"Being a suicide bomber is the new political role model," Chris Matthews told his Friday "Hardball" audience. "Just kill everything, destroy everything, blow it up, nothing gets done. You're dead, but who cares?" he added, referring to conservative Republicans running against Democrats in the 2010 midterms.
The comment came at the end of a segment featuring Rep. Jim Moran (D-Va.) and Politico's Jim VandeHei. Matthews had complained to the latter that the congressional minority Republicans were intent not merely on tinkering around the edges of the majority Democrats' policy proposals but on "destroy[ing] the United States government every time it gets up in the morning" all to the applause of "its cheering section back home say[ing] good work, keep trying to destroy the government."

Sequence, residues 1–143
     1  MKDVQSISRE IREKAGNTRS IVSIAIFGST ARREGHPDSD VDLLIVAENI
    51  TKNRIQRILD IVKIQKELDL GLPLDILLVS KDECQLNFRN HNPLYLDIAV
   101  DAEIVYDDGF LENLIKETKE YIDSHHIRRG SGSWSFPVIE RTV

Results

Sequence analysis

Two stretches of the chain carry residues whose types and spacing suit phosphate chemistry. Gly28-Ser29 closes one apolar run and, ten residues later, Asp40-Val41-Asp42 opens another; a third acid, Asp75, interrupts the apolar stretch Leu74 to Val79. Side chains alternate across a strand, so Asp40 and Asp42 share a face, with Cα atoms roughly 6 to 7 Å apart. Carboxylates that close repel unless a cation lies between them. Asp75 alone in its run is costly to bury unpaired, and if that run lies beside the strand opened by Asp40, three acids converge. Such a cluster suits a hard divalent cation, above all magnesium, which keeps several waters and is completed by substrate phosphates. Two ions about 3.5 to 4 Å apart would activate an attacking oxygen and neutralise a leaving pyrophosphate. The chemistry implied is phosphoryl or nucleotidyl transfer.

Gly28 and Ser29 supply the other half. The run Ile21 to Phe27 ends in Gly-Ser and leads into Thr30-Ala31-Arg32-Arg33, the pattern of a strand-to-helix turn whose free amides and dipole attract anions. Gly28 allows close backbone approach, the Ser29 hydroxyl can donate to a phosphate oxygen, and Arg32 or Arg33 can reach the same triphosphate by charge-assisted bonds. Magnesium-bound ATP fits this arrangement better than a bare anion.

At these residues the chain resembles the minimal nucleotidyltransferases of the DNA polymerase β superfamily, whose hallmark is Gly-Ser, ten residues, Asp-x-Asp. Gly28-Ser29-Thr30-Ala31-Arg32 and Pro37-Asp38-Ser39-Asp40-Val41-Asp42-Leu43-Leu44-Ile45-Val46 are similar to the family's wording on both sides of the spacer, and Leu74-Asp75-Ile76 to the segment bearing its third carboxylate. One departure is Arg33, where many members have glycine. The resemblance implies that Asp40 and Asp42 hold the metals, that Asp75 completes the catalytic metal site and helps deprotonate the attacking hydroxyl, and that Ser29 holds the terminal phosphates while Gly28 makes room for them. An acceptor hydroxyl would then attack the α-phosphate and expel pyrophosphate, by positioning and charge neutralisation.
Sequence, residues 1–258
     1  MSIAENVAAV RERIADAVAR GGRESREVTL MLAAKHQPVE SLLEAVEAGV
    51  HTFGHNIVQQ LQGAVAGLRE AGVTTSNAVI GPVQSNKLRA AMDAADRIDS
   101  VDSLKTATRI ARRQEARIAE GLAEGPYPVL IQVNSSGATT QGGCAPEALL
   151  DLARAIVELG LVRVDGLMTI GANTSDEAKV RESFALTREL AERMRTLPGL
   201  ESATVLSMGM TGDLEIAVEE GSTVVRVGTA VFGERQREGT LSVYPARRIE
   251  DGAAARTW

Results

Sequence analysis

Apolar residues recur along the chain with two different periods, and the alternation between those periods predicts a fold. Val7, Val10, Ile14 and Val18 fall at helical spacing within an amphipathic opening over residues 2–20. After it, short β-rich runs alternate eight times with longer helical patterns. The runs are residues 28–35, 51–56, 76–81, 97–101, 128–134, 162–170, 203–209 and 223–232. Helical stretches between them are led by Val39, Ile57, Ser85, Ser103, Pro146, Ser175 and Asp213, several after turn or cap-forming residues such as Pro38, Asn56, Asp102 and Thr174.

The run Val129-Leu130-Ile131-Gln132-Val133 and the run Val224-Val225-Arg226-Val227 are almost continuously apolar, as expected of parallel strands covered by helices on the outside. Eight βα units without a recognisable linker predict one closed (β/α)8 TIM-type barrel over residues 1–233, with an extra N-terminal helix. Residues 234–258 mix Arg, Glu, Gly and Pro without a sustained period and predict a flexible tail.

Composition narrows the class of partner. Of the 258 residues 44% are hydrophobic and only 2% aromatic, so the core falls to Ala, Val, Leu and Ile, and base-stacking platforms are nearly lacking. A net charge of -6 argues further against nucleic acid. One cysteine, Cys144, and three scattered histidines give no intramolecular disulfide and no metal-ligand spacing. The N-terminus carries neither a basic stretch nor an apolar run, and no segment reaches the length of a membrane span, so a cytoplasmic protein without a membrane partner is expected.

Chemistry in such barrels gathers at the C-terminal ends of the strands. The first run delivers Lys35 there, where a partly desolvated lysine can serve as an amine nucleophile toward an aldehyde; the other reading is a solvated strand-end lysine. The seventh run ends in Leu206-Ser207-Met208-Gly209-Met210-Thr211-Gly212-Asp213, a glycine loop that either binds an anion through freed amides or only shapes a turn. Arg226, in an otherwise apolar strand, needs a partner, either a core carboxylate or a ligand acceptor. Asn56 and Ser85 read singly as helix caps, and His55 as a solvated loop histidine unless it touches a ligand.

VandeHei didn't agree with Matthews's "destroy the government" rhetoric about the GOP, although he agreed that the GOP was intent on "destroying" policies that President Obama supports.
For his part, the Politico writer argued that the political system as it stands now is just geared towards extreme partisanship because in part moderates had been "purged" from the GOP but also because "right now we have an entire system, we have a media system, we have a culture, we have technology that really rewards the incendiary, [that] rewards conflict."
Given Matthews's hyperbolic invective about "The Rise of the New Right," VandeHei might unwittingly be on to something, at least when it comes to the incendiary media.